Submission and review process: In most cases, articles are about 500 words. Contributors are usually CLA members but it is not required. Authors are asked to meet specific deadlines, usually two weeks before publication. Authors can send submissions to the editors via email.12

Editorial tone: Informational.13

Style guide used: None specified.

Conclusion: Evaluation of publication’s potential for LIS authors

A good place to increase visibility in the California LIS community and network with other LIS professionals, especially for CLA members and first time writers.

 

Audience analysis


About the publication’s readers

Publication circulation: As an online-only publication, no circulation figures are available, according to the editor. The California Library Association has “nearly 3000 Individual, Business, and Institutional members. Individual members include librarians, library employees, library students, friends group members, trustees, retirees as well as members of the general public who wish to support California libraries. CLA Business members represent a wide range of library-supporting businesses, whereas Institutional members include library institutions and systems who support the association’s advocacy programs.”14

Audience location and language or cultural considerations: As a state professional organization, most members either reside or work in the state of California, or have a vested interest in issues affecting libraries in California.15 Briefings is published in the English language. California is a culturally diverse state, however, and the CLA and the Youth Services Interest Group reflect this diversity with attention paid to issues affecting Latino, African-American, Asian, and gay and lesbian communities, among others.16

Reader characteristics: In the absence of any officially gathered demographic data, information was gleaned from individual issues of Briefings, as well as anecdotal evidence from its past editors. It appears that contributors to the publication are overwhelmingly female,17 and past coeditor Julie Zeoli notes, “It has been my observation that there is a growing trend of young people taking young adult librarian positions.”18 From the large numbers of “20-somethings” she’s met at professional gatherings and conferences, we can surmise that the readership of Briefings is trending younger. Zeoli also notes that their readership seems to be overwhelmingly public librarians, as opposed to school librarians.19 The publication favors state and regional issues faced its membership.20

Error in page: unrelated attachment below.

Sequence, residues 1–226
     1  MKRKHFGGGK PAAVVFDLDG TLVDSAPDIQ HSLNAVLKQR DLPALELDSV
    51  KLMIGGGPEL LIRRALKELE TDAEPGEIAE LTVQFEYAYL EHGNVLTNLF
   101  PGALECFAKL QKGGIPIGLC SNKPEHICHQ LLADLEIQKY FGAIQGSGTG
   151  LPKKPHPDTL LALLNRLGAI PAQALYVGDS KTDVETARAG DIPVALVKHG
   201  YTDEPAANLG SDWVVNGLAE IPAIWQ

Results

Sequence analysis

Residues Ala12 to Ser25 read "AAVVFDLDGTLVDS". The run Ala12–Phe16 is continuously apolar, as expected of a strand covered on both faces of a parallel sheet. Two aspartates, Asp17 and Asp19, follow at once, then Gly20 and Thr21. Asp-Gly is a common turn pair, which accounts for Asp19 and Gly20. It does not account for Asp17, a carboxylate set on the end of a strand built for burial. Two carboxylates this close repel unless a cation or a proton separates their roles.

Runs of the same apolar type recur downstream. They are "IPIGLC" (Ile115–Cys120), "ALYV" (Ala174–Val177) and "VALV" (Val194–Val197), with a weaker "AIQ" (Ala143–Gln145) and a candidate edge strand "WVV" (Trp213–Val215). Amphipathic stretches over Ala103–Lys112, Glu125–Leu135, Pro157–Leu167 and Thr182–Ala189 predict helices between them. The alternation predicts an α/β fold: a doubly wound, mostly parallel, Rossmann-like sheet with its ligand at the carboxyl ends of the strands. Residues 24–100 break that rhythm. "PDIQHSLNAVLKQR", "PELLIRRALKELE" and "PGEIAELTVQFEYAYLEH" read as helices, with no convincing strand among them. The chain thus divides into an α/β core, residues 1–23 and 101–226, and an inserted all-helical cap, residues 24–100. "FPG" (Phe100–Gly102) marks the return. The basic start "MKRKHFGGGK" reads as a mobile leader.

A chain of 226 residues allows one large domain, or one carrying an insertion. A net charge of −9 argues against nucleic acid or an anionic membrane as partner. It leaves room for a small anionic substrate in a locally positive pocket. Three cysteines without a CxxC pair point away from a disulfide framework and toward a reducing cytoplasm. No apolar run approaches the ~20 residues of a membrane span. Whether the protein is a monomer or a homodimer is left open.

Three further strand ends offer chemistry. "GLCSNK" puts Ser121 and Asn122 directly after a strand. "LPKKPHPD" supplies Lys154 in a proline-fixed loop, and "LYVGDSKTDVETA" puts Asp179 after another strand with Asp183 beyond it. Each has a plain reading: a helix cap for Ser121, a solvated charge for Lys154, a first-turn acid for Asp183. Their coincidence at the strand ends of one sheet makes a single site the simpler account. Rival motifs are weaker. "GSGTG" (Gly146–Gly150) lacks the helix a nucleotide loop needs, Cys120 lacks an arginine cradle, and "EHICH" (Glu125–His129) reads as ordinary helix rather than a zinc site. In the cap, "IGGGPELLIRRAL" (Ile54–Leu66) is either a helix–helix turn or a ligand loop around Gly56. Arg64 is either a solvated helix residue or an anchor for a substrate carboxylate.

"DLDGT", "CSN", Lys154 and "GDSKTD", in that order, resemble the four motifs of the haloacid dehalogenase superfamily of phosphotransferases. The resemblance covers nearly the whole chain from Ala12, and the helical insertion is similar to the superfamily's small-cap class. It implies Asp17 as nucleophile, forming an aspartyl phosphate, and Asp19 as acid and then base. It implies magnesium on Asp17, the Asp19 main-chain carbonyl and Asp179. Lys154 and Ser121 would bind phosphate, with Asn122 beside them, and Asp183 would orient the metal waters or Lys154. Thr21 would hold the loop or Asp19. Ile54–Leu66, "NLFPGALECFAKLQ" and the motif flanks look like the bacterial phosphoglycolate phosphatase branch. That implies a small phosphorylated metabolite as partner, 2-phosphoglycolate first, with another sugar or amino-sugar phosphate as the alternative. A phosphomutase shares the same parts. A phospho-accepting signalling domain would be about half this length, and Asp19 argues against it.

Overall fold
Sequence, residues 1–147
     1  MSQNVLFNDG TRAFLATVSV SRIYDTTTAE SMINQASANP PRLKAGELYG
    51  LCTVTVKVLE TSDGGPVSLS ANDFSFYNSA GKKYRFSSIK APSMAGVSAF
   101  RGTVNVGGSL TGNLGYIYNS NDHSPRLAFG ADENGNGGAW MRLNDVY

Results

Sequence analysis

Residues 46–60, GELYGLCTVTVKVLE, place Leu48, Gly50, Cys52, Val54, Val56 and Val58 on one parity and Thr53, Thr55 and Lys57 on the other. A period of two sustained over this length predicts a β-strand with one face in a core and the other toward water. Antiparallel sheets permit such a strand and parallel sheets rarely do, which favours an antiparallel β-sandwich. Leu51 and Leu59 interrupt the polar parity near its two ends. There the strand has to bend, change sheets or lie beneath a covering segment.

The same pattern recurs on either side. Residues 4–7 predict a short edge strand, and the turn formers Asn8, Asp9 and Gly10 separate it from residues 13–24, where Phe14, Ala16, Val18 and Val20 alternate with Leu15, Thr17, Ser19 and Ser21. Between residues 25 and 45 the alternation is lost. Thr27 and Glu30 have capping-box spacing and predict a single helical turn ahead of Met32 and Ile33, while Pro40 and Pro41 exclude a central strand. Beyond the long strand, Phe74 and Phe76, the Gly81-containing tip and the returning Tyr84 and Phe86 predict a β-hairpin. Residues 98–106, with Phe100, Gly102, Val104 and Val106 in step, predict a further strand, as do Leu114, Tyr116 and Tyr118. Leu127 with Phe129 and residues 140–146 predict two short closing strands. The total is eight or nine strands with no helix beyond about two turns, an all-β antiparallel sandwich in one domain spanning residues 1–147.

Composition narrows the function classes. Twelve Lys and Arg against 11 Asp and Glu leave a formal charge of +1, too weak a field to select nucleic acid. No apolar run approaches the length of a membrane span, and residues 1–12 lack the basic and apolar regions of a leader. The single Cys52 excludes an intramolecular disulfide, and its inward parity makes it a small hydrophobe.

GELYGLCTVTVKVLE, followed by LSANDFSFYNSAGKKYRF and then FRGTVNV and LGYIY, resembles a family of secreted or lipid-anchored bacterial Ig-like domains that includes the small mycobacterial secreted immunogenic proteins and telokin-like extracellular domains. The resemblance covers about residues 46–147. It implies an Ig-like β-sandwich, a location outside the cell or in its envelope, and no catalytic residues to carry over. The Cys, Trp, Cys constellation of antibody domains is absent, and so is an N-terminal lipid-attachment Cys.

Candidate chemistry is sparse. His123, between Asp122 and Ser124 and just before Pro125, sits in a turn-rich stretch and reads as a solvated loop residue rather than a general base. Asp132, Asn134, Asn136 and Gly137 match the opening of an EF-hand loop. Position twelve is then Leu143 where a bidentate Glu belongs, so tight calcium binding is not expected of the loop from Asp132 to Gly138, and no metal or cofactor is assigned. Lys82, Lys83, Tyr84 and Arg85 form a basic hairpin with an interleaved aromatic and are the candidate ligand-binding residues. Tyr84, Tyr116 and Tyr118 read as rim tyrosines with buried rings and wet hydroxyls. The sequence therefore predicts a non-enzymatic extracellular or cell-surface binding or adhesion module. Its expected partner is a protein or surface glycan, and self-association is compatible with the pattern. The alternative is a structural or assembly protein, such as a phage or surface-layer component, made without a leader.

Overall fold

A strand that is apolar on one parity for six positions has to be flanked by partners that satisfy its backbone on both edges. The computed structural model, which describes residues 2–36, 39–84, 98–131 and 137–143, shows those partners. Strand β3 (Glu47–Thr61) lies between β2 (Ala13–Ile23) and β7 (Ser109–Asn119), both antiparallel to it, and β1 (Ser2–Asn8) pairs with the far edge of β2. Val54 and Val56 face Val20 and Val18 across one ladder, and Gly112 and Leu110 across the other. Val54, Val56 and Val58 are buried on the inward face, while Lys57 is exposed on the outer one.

Knowledge of LIS subject matter: As members of the CLA, we can assume that most readers have MLIS degrees or are working on MLIS degrees, and have a general knowledge base of LIS issues, and youth services specifically. Also, both the CLA and the Youth Services Interest Group have continuing education as one of its goals, and providing a place for the exchange of new ideas and technology.21

Conclusion: Analysis of reader characteristics and their potential impact on authors

The characteristic with the largest impact on potential contributors to Briefings, of course, is that they usually will be CLA and Youth Services Interest Group members to contribute. With an audience of mainly public librarians, issues of concern to public libraries would probably take precedent over those concerned specifically with school libraries. And with an audience of many young librarians, the audience may be particularly interested in articles sharing information about how other libraries do things, as well as ones with a hip and trendy voice.

Last updated: May 14, 2016


References

Show 21 footnotes

  1. California Library Association (CLA) Youth Services Interest Group. (2016). Youth Services Interest Group. California Library Association. Retrieved from http://www.cla-net.org/?25
  2. California Library Association (CLA) Youth Services Interest Group. (2016). Youth Services Interest Group. California Library Association. Retrieved from http://www.cla-net.org/?25
  3. California Library Association (CLA) Youth Services Interest Group. (2016). Youth Services Interest Group. California Library Association. Retrieved from http://www.cla-net.org/?25
  4. California Library Association (CLA) Youth Services Interest Group. (2016). Youth Services Interest Group. California Library Association. Retrieved from http://www.cla-net.org/?25
  5. California Library Association (CLA) Youth Services Interest Group. (2016). Youth Services Interest Group. California Library Association. Retrieved from http://www.cla-net.org/?25
  6. California Library Association (CLA) Youth Services Interest Group. (2016). Youth Services Interest Group: Briefings Newsletter. California Library Association. Retrieved from http://clanet.site-ym.com/?261